Three Polydactyls are at the Humane Society!
FROM ROBERT ZORETICH, LANGLADE COUNTY HUMANE SOCIETY BOARD PRESIDENT
“Don’t panic!” Robert Zoretich said. “They’re not dinosaurs, though that would be amazing!”
Zoretich, Langlade County Humane Society (LCHS) Board President, said most cats have five toes on their front feet and four on their hind feet. “Polydactyls are cats who have at least one more toe, including pads and claws, on the front paws or back paws or both.”
The Shelter has had Polydactyl cats over the years, LCHS Shelter Manager Theresa Snyder said. “What is unusual is to have three kittens from the same litter!”
Other than the extra toes, Polydactyl cats are no different from any other cats, according to Snyder. “Adopters should have no concerns about how being a Polydactyl cat affects their kitten’s health because, really, it doesn’t. They are just cats with a wealth of toes!”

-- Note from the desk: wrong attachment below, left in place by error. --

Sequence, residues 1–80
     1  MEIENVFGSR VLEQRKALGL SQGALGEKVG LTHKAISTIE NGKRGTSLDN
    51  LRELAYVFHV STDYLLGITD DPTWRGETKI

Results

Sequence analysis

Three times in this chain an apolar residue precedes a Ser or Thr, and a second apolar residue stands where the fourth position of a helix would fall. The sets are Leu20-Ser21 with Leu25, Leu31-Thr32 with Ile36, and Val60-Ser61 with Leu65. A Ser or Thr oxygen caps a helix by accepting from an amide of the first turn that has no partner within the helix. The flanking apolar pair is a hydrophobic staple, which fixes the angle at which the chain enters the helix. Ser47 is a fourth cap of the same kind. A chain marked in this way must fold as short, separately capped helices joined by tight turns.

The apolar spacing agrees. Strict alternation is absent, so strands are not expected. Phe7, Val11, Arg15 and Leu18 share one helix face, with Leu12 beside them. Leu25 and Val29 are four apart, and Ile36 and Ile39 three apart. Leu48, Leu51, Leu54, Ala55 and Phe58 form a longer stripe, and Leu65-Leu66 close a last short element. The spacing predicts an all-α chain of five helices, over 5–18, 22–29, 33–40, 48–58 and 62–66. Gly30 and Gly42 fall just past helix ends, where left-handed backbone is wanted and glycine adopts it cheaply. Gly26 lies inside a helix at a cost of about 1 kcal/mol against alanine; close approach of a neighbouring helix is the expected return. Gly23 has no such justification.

Zoretich said sailors consider Polydactyl cats good luck. “With the extra toes, the cats have amazing balance and can withstand the tossing and turning of even the largest of waves,” he said Sometimes the extra toe looks like a large thumb so the cat looks like he is wearing mittens, according to Snyder. “But these are kittens who won’t lose their mittens,” she said laughingly as she referred to the Mother Goose nursery rhyme.
The eight-week old kittens, all boys, have been named Barney, Gomer and Elmer, though adopters are free to rename them as they wish! Each kitten is available for an adoption fee of $175.
“Elmer has already been adopted, leaving only Barney and Gomer,” Snyder said.